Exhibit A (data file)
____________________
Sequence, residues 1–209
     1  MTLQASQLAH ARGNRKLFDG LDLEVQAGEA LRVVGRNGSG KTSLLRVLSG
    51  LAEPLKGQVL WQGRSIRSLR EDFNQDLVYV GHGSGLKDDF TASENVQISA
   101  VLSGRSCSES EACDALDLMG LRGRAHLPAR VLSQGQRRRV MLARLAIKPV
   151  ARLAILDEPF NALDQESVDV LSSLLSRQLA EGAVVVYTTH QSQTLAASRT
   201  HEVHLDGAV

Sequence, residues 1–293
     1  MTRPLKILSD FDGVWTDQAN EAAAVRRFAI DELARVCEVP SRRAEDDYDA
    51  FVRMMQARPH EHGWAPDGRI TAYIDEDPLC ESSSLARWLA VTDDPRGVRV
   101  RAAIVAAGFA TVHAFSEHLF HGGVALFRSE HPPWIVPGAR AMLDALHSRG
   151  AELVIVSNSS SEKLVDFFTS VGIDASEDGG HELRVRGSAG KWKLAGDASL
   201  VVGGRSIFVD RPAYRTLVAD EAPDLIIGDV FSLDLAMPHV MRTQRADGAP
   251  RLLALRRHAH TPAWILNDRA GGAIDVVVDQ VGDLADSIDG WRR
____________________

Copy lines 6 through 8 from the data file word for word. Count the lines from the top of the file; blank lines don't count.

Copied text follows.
   201  HEVHLDGAV

Sequence, residues 1–293
     1  MTRPLKILSD FDGVWTDQAN EAAAVRRFAI DELARVCEVP SRRAEDDYDA